Vector Cross Product

Cross Product

Definition

The cross product of two vectors is defined as follows

(1)
\begin{align} \vec{u}\times\vec{v}=(|\vec{u}||\vec{v}|\sin \theta)\hat{n} \end{align}

where the vector $\hat{n}$ is a vector of unit length that is perpendicular to both the vector $\vec{u}$ and $\vec{v}$. The direction of the vector is determined by the right-hand rule. Point your fingers in the direction of $\vec{u}$ and curl them in the direction of $\vec{v}$ and your thumb will point in the direction of $\hat{n}$ Because of the right-hand rule, if you switch the order of the vectors, $\hat{n}$ switches to the opposite direction. Therefore, $\vec{u} \times \vec{v}=-(\vec{u} \times \vec{v})$

Since $\hat{n}$ is a unit vector, $\vec{u} \times \vec{v}$ is written as the product of its magnitude and direction. Where the direction of $\vec{u} \times \vec{v}$ is $\hat{n}$ and $|\vec{u} \times \vec{v}|=|\vec{u}||\vec{v}|\sin \theta$

Example
Find the magnitude of the cross product of $\vec{u}=15@45^\circ$ and $\vec{v}=4@100^\circ$

Notice that if $\vec{u}$ and $\vec{v}$ are parallel then,

(2)
\begin{align} \vec{u}\times\vec{v}=(|u||v|\sin 0^\circ)\hat{n}=0\hat{n}=\vec{0} \end{align}

or

(3)
\begin{align} \vec{u}\times\vec{v}=(|u||v|\sin 180^\circ)\hat{n}=0\hat{n}=\vec{0} \end{align}

Calculating the Cross Product

For the purposes of calculation, this definition is not usually useful. It does not explicitly tell us how to find the vector $\hat{n}$. Instead, if we are given two vectors in component form

(4)
\begin{eqnarray} \vec{u}&=&<u_x,u_y,u_z>\\ \vec{v}&=&<v_x,v_y,v_z>\\ \end{eqnarray}

then

(5)
\begin{align} \vec{u}\times\vec{v}= \left | \begin{array}{ccc} \hat{i} & \hat{j} & \hat{k}\\ u_x& u_y & u_z\\ v_x & v_y & v_z \\ \end{array} \right | =(u_yv_z-v_yu_z)\hat{i}-(u_xv_z-v_xu_z)\hat{j}+(u_xv_y-v_xu_y)\hat{k} \end{align}

Unlike other operations the cross product is not commutative. That is to say $\vec{u}\times\vec{v}\neq\vec{v}\times \vec{u}$.

(6)
\begin{align} \vec{v}\times\vec{u}= \left | \begin{array}{ccc} \hat{i} & \hat{j} & \hat{k}\\ v_x& v_y & v_z\\ u_x & u_y & u_z \\ \end{array} \right | =(v_yu_z-u_yv_z)\hat{i}-(v_xu_z-u_xv_z)\hat{j}+(v_xu_y-u_xv_y)\hat{k}=-(\vec{u}\times\vec{v}) \end{align}

Finding the Equation of a Plane

We describe a plane by a point on the plane, $P(x_0,y_0,z_0)$, and a vector perpendicular to the plane called a normal vector, $\vec{N}=<A,B,C>$. Looking at the image below, notice that any vector that we create in the plane will be perpendicular to $\vec{N}$. So the vector $\vec{PQ}=<x-x_0,y-y_0,z-z_0>$ is perpendicular to $\vec{N}=<A,B,C>$. We know, that for perpendicular vectors, the dot product is zero. Therefore we have,

(7)
\begin{eqnarray} \vec{N} \cdot \vec{PQ} = 0\\ <A,B,C>\cdot <x-x_0,y-y_0,z-z_0>=0\\ A(x-x_0)+B(y-y_0)+C(z-z_0)=0 \end{eqnarray}

The standard equation of a plane containing a point $P(x_0,y_0,z_0)$ that has a normal of $\vec{N}=<A,B,C>$ is therefore,

(8)
\begin{equation} A(x-x_0)+B(y-y_0)+C(z-z_0)=0 \end{equation} In two dimensions, we know that two unique points will define a line. In three dimensions, the analog is that three non-collinear points, not on a common line, will define a plane. Given those three points, we can construct two nonparallel vectors that lie in the plane. If we take the cross product of those two vectors, we will get a vector perpendicular to the plane. We can use that cross product as the $\vec{N}$ for our plane.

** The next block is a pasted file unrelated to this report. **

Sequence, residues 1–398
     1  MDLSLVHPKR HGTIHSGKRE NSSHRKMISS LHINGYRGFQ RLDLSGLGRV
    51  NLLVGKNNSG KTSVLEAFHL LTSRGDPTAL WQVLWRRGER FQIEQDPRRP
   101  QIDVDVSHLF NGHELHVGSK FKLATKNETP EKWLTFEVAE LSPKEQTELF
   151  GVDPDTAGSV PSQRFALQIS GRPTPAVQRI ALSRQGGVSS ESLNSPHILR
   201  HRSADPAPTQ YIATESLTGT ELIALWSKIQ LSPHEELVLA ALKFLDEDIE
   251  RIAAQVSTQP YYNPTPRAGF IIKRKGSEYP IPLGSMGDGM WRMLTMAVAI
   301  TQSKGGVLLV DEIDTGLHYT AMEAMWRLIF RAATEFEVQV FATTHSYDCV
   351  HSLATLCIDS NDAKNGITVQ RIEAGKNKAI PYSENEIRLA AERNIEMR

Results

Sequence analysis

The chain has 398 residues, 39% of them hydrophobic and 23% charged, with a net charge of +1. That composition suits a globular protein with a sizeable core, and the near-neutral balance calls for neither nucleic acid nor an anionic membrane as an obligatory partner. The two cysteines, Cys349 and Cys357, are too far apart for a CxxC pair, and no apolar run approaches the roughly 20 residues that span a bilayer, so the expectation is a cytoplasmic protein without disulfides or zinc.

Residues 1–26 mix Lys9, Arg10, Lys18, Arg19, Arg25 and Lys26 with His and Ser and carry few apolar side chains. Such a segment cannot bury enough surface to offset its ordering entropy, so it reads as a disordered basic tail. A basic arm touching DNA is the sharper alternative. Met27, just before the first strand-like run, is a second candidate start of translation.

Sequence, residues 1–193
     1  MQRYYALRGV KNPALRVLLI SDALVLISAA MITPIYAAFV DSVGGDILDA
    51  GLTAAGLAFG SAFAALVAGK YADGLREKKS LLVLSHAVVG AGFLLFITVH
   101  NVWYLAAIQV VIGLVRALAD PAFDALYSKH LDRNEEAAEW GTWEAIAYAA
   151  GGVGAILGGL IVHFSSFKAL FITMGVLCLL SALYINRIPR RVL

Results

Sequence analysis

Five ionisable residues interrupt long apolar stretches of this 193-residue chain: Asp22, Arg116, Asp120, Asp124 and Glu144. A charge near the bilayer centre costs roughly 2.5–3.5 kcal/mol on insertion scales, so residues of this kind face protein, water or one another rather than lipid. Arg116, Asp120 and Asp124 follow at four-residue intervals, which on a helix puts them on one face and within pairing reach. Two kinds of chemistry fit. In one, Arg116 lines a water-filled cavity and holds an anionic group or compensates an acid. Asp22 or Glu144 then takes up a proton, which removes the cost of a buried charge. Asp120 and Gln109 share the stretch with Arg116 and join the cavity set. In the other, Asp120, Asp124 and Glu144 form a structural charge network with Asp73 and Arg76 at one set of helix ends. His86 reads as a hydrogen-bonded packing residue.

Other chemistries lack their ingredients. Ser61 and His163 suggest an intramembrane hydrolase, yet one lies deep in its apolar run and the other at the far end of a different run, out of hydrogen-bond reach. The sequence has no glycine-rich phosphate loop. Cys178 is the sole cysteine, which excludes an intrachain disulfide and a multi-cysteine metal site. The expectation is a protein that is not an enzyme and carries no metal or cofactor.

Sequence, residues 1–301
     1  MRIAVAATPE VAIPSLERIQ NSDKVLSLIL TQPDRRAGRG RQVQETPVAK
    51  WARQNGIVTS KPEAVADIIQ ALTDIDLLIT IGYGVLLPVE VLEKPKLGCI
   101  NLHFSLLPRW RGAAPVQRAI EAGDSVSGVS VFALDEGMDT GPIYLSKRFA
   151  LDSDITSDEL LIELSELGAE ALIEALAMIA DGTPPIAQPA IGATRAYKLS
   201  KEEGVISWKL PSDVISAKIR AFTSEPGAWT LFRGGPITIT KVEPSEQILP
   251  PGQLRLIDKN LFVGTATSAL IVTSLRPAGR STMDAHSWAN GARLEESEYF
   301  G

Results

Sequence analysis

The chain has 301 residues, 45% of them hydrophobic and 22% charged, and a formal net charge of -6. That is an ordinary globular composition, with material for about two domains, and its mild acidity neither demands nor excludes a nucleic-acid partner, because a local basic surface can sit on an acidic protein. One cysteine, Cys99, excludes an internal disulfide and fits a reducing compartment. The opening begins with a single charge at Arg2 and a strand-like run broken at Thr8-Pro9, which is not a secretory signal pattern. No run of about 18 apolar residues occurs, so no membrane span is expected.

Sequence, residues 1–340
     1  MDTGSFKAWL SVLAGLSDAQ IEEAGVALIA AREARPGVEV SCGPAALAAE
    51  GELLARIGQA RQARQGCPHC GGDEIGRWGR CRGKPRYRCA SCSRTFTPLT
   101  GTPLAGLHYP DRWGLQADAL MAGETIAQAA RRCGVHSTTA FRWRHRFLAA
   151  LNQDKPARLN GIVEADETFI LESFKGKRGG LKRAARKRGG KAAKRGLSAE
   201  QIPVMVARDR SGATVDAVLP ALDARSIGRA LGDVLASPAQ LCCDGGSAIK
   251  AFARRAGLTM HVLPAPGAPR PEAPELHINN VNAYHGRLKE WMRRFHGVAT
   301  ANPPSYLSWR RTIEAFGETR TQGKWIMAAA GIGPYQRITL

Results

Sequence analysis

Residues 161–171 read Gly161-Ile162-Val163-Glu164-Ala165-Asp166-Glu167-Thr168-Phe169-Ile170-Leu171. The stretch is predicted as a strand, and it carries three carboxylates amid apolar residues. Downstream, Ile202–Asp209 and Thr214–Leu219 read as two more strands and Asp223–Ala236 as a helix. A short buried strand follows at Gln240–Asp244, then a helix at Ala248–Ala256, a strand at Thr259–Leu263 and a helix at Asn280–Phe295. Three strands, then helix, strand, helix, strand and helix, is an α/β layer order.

Example
Find the equation of the plane containing the points $P(5,1,1)$ , $Q(0,2,2)$ , and $R(6,2,0)$

Finding the Area of a Parallelogram

We know from geometry that the area of a parallelogram is given by $A=bh$. In the image below we see that the area of the parallelogram would be, (9)
\begin{eqnarray} A=|\vec{u}|h\\ \end{eqnarray}

But from right triangle trigonometry we have that,

(10)
\begin{eqnarray} \sin \theta = \frac{h}{|\vec{v}|}\\ h=|\vec{v}|\sin \theta \end{eqnarray}

Combining the facts from 9 and 10, we have that

(11)
\begin{eqnarray} A=|\vec{u}|h\\ A=|\vec{u}||\vec{v}|\sin \theta\\ A=|\vec{u} \times \vec{v}| \end{eqnarray}

So the area of the parallelogram whose nonparallel sides are the vectors $\vec{u}$ and $\vec{v}$ can be calculated by the formula

(12)
\begin{align} \mbox{Area}=|\vec{u} \times \vec{v}| \end{align}

Example
Find the area of the parallelogram with vertices $P(1,1)$ , $Q(5,1)$ , $R(3,3)$ and $S(7,3)$

Finding the Area of a Triangle

Since a triangle can be thought of as half of a parallelogram, the area of the triangle with two sides defined by $\vec{u}$ and $\vec{v}$ can be calculated by the formula

(13)
\begin{align} \mbox{Area}=\frac{1}{2}|\vec{u} \times \vec{v}| \end{align} Example
Find the area of the triangle with vertices $P(1,1,1)$ , $Q(2,1,0)$ and $R(-1,4,2)$

Exercises

1. Find the magnitude of the cross product of $11@15^\circ$ and $99@-15^\circ$
2. Find the cross product of $\vec{u}=<1,-1,2>$ and $\vec{v}=<0,2,-1>$.
3. The points (1,1,3), (2, -3, 3), and (-1, 0, 4) determine a plane. Find the equation of the plane in both standard and dot product form.
4. Use cross product to show that $\vec{u}=<1,4,-5>$ and $\vec{v}=<-3,-12,15>$ are parallel.
5. Find the area of the parallelogram with vertices (0,0) , (3,7) , (2,5) and (5,12)
6. Explain why $\vec{u} \times \vec{v} = -(\vec{v} \times \vec{u})$
7. Find the area of the triangle with vertices (1,2,-1) , (4,1,0) and (3,8,1)
8. Find a vector perpendicular to the plane $5x-3y+6z=8$
9. If the vectors $\vec{u}$ and $\vec{v}$ are parallel to the xy-plane, what do we know about their cross product?
page revision: 62, last edited: 15 Sep 2017 16:46